This celebration of Hispanic heritage, culture and cuisine is successful because many people share the little bit they have. We are a country that knows how to share, a country with a history of being generous to those in need both here at home and around the world. We seem to be at our best during moments of crisis.

Our Judeo-Christian roots have laid a foundation of right behavior toward one another. When we are true to our roots, our society does well and even thrives. When we go astray then the worst side of human behavior begins to emerge. Being American is about working together for the common good. We bring the richness of our cultures and traditions to the common table of our country and make it stronger through our diversity of origin and unity of purpose.

Celebrating our unity in diversity means being faithful to who we are and not forgetting where we come from. Most of us are immigrants ourselves, or we are the children and grandchildren of immigrants. We don’t have to look too far into our family tree to find stories about how our own family members came to this country and endured many struggles so that we might be here today.

Let us never forget our own stories and let us not forget that there are many in our country who are struggling to become citizens of this great land. It is not wrong for them to want a better life. It is their inalienable right to pursue happiness and enjoy the protection of our laws.

We remember in a special way during our Mass today the many young people who were brought here as children and have grown up in our schools, pledged allegiance to our flag, and who want to continue their education and take their place among the citizens of this great land. We call them Dreamers, for they have been raised to believe in the American Dream. They are citizens in their hearts and minds. Now we ask Congress to make them citizens under the law. Give them a path to citizenship, let them continue their education, let them live in peace in our country, which is also their country. We must allow them and encourage them to pursue their dreams. How we welcome them says something about who we are as a people. How we welcome them gives credibility to the words written under the statue of liberty, Give to me your tired and lonely, your huddled masses.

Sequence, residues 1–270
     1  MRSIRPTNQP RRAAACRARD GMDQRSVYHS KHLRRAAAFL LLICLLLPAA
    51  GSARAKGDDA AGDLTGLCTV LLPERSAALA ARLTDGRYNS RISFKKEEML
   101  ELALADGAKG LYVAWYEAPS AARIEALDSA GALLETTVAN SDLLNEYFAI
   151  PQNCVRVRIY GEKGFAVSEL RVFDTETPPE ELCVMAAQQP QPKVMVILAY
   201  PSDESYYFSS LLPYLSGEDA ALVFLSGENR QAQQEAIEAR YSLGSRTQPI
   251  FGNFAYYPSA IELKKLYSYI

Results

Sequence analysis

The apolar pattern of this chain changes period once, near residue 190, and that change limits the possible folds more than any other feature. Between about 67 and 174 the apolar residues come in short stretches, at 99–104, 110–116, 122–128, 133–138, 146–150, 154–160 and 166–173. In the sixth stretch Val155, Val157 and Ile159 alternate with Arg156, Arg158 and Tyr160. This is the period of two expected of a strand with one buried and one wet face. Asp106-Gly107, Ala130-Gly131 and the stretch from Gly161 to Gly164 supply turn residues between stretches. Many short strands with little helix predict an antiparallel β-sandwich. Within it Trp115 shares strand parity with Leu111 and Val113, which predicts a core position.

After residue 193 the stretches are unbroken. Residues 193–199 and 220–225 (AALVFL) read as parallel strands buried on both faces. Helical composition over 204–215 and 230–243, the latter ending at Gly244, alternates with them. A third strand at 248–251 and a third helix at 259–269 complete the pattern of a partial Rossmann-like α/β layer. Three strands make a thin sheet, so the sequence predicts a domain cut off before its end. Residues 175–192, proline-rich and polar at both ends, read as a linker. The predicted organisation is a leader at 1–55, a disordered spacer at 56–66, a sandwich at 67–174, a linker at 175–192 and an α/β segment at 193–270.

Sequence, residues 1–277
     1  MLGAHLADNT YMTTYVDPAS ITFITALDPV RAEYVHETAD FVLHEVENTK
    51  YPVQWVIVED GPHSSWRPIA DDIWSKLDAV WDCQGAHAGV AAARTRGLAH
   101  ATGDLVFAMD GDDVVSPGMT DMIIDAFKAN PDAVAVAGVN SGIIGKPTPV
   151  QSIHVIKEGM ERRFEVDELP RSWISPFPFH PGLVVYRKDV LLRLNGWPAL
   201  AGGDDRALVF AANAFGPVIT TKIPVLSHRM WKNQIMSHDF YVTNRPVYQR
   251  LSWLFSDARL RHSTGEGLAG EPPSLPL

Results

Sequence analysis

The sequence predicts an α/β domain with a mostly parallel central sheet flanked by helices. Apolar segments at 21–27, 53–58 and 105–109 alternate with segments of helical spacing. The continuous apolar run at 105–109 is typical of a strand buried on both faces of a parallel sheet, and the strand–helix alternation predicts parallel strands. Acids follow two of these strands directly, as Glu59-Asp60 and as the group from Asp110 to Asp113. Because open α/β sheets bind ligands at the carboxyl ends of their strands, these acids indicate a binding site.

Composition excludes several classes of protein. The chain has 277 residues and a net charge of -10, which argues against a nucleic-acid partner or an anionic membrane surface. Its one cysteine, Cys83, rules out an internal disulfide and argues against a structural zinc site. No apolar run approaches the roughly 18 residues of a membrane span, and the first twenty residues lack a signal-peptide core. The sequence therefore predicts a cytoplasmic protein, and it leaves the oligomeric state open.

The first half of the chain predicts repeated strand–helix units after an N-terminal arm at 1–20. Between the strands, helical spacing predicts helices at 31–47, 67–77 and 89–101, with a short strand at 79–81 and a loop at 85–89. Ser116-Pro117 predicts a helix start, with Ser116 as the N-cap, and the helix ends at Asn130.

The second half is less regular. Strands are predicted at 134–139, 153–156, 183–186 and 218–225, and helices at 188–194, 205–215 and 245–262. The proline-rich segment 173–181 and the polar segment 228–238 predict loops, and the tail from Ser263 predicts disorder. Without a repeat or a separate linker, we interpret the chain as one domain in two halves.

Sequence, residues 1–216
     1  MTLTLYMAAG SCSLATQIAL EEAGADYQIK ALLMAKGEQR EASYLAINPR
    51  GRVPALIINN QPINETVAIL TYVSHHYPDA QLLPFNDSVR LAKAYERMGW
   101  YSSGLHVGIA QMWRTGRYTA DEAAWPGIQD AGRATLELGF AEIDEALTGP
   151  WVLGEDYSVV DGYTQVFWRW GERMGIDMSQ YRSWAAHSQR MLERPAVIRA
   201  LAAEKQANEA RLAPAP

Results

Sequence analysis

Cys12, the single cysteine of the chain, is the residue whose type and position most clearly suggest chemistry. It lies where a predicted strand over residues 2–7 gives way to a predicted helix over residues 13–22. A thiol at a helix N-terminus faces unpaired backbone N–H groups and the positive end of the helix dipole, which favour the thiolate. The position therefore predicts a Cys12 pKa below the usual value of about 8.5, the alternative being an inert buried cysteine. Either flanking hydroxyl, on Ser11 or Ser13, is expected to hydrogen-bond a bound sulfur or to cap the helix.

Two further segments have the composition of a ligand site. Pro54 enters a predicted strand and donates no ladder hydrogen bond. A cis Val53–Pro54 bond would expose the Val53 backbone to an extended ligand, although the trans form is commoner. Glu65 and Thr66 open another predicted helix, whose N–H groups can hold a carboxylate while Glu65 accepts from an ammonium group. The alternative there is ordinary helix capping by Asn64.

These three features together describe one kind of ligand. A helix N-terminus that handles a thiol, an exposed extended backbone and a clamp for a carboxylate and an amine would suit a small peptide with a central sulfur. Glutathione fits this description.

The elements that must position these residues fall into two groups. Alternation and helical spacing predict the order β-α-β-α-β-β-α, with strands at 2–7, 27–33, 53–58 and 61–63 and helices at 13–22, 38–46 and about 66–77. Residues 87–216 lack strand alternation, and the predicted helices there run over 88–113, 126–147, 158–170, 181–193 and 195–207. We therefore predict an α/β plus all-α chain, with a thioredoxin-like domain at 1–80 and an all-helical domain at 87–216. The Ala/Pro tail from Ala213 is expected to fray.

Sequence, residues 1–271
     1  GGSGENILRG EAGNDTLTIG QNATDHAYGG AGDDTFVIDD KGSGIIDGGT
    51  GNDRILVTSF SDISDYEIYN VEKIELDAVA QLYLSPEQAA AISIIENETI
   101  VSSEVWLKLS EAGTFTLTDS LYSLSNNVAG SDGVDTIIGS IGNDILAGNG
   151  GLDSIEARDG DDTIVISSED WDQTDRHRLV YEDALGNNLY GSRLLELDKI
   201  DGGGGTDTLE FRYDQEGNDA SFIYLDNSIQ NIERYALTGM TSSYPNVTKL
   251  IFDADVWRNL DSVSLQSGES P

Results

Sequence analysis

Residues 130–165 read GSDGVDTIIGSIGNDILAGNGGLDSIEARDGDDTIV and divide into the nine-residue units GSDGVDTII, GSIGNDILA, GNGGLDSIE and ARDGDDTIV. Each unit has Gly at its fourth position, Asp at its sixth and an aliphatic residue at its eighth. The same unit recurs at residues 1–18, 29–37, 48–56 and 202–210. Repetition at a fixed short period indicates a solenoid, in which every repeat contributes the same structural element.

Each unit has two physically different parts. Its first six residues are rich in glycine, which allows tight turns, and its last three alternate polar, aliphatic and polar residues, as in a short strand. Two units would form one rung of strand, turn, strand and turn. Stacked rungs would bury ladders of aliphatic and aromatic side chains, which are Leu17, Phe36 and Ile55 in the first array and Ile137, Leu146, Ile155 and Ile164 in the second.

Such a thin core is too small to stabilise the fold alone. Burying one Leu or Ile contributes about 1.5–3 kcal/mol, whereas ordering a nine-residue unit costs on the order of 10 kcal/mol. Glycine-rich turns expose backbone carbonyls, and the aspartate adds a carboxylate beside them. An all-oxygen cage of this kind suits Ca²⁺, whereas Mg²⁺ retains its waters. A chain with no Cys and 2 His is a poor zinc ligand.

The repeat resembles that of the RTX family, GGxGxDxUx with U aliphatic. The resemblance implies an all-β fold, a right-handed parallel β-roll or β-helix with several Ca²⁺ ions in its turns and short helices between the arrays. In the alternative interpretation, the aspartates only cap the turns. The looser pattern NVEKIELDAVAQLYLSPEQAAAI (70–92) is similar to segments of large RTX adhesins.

In recent days, we have also been challenged by the large number of Central American children who are fleeing the violence and hardship of their home countries. We are all in shock at the sight of so many children being exposed to so many dangers as they trek across thousands of miles to reach our borders.